Hello and welcome to another game-induced diatribe on my underdog format favorite: 100 Card Singleton. Alas, I have nothing new in the way of a deck to share with you this time around. Instead, I’d like to discuss a fundamental element of deck construction: commitment.
Commitment is the single and foremost principle to which I religiously I adhere when putting together and/or editing a deck for competitive play. It’s the word that loops in my skull as I agonize over each and every card in Deck Editor. And it most definitely has been the lynch pin to any and all of my successes in this format.
This is how you take 100 cards, the majority of which are single copies, and turn them into a well-oiled machine. But first…
There’s an expression perhaps you have heard before: jack-of-all-trades, master of none.
These few words sum it all up. A great deal of players in the 100 Card Singleton simply shrug, nonchalantly throw a bunch of seemingly “good stuff” in with some lands, shuffle it up, and hope for the best.
And this, my friends, is more of an issue that one might think.
GOOD VS. RIGHT
To begin, it’s important to remember that just because a card is good (really good, even) in your color(s) doesn’t mean it’s the right card for your deck. This, of course, is much harder than it sounds, especially when you’re playing this many cards. Sometimes it’s hard to fight the urge to indulge, but it’s a necessary discipline, I assure you.
In my last article there was a small amount of controversy in the forums as to whether or not excluding Baneslayer Angel was the in fact the right call for the Dark Bant deck I had put together. I went on to explain that not only was the card extraneous on the mana, but ill fitting in the reactive deck I had built.
Yes, Baneslayer is an absolutely incredible card, no denying it, but there were a couple issues with it in this particular deck.
First off, the double White in its cost (at five mana) was a bit too demanding in a four-color deck where White is a splash. Elspeth, however, was a far better fit because of its level of power, function, and cost-efficiency with the slew of two-mana counters I was packing.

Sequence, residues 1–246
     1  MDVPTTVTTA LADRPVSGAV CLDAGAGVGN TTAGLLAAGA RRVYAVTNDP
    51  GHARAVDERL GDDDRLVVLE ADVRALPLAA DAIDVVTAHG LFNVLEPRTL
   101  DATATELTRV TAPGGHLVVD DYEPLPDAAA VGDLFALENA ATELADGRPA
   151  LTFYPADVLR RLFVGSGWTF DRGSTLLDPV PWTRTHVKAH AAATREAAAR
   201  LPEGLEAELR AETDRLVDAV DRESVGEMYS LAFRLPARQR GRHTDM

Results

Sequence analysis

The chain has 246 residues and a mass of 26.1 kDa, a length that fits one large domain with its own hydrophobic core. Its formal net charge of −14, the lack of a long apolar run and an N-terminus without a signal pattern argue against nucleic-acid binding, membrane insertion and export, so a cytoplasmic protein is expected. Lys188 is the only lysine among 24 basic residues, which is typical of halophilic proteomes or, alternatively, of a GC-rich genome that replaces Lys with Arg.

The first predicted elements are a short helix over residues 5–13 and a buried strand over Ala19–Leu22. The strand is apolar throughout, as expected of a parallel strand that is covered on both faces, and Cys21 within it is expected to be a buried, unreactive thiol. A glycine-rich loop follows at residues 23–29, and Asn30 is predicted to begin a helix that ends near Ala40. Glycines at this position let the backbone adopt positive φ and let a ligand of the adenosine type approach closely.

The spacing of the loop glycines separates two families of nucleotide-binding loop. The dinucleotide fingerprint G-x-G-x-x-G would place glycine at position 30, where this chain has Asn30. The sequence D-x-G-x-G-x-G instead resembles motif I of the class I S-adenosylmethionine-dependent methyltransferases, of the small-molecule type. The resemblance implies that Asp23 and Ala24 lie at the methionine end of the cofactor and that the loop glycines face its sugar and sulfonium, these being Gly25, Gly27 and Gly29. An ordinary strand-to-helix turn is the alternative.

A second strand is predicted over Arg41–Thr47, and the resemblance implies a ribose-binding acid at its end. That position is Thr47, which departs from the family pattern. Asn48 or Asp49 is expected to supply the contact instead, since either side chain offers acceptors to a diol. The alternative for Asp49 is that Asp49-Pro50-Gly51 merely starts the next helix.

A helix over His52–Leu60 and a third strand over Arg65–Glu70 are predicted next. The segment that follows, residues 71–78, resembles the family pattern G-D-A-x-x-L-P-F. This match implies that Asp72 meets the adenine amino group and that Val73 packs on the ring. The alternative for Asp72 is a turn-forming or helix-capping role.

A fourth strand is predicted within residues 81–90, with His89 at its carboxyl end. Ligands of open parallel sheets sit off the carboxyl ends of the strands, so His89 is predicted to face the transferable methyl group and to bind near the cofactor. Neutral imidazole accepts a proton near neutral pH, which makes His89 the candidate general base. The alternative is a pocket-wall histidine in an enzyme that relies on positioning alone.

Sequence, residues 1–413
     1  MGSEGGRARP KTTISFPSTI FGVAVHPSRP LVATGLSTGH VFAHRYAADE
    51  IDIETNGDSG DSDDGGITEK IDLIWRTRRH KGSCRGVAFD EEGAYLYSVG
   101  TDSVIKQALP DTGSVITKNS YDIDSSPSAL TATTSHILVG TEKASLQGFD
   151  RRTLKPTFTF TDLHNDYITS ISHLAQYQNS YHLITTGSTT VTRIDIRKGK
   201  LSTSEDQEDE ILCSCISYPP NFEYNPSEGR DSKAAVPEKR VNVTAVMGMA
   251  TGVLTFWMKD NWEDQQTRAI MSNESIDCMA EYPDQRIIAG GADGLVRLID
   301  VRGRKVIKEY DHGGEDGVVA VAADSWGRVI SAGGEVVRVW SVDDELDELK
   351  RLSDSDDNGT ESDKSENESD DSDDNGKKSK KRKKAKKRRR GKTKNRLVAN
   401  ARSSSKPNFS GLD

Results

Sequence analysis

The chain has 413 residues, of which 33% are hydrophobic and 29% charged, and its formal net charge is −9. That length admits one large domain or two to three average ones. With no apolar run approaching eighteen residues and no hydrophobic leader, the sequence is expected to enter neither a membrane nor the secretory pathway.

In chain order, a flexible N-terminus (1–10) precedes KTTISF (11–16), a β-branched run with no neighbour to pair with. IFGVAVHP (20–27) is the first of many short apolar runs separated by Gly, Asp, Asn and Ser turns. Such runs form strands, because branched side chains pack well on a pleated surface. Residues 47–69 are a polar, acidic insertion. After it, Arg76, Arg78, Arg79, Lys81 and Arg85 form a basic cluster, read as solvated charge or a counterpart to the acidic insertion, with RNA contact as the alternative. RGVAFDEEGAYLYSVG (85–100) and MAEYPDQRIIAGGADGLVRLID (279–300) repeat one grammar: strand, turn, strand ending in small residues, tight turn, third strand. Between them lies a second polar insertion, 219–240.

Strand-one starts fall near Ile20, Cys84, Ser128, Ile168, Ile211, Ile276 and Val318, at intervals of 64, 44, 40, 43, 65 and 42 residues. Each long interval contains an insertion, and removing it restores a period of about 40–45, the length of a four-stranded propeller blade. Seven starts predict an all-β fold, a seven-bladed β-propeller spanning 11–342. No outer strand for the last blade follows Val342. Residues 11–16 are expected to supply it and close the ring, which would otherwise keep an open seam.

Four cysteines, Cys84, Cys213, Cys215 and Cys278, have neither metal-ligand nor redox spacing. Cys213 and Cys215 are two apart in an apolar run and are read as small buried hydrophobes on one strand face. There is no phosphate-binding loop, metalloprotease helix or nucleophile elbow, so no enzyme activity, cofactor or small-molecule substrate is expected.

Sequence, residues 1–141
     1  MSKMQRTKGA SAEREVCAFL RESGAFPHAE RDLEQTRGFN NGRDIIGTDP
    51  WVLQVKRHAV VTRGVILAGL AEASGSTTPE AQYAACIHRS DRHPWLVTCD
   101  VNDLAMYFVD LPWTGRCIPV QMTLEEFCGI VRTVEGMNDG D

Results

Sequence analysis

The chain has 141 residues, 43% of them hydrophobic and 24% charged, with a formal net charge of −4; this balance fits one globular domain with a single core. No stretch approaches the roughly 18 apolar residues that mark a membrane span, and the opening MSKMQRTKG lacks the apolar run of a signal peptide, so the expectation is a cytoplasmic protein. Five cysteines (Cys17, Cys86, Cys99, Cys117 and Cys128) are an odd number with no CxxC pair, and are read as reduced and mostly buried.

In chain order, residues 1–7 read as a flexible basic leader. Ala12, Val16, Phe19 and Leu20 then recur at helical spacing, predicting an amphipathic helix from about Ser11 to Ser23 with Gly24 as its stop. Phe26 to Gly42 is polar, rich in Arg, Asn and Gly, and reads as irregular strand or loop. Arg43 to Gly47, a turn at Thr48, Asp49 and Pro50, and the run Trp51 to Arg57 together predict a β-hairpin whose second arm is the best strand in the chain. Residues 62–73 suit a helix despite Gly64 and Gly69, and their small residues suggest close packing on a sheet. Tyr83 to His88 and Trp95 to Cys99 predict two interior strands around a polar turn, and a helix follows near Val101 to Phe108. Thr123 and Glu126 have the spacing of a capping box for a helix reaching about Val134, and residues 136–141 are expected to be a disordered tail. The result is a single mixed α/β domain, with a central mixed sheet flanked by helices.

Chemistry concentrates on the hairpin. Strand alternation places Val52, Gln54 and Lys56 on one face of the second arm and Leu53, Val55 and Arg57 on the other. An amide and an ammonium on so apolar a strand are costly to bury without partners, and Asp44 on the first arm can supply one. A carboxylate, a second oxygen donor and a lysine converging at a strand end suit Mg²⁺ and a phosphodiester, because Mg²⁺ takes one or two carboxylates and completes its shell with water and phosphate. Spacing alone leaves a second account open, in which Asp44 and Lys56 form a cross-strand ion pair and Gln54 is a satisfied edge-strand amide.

The next issue was the vulnerability it presented when casting it. Tapping out on five-mana main phase granted my opponent free reign that could easily offset the stranglehold I wanted to maintain on the game.
Teferi, although inferior in combat, enabled my ability to play all my creatures reactively. Additionally, it restricted my opponent’s ability to play tricks out of their main phase, making it instrumental in the Control on Control match. Mystical Teachings let me fetch him (or any other creature once he hit play).
Meloku, my other five drop, also played on a number of critical levels in which Baneslayer was deficient. She helped minimize the drawback of playing ‘Geddons in a deck with counter-magic. Although less formidable in stature, Meloku dominates combat to a far greater extent than Baneslayer. Once again, I was able to maintain control as the aggressor and/or defender, given the circumstances. And like Elspeth, she wasn’t as prone to one-for-one removal, always ready to fart out an illusion at a moment’s notice.
To be honest, the more I play this format the easier it is for me to make these types of calls. In fact, I wouldn’t play Baneslayer in Dark Bant if it cost one Blue and four generic mana. It’s just not the right card.
Interestingly enough, in the updated Naya deck I played in the last PE, I cut all the five casts — Arc-Slogger, Stonehewer Giant, Battlegrace Angel — all of them, ironically for Baneslayer.
This was most definitely the way to go, as my initial objective was to lower the overall curve of the deck. Decks that aggressively ‘Geddon don’t really want a glut high cost threats, especially mana intensive ones like Slogger. A lower curve also made my deck stronger against Control decks, and able to keep stride with hyper-aggressive decks. Lifelink was far more relevant in this regard. Without counters, I needed to counteract direct damage and fast beats.
Judgment calls like these are hard to make. But ultimately if you can power through tough edits, your deck will be better for it in the end- hardly missing the card(s) left by the wayside.
NO, NO, NO!
The next deck building crime on today’s docket is playing into hypotheticals. By this I mean including cards in your main deck that belong in your sideboard and/or dilute the consistency and overall cohesiveness of your deck with pipe dreams and unnecessary combos
Let’s start with the former faux pas.
“JUST IN CASE…”
Cards like Phyrexian Furnace, Relic of Progenitus, and Scrabbling Claws have a very, very narrow function in game, hence their contingency cantrip clause. Yet, I can’t count the times I’ve seen one of these played on me Game One.
I suppose, at the worst, they replace themselves. But that one colorless mana to get it into play, and the second to activate it for a marginal (often irrelevant) effect seems like a skipped Draw Step, wasted deck space, and an inefficient use of mana.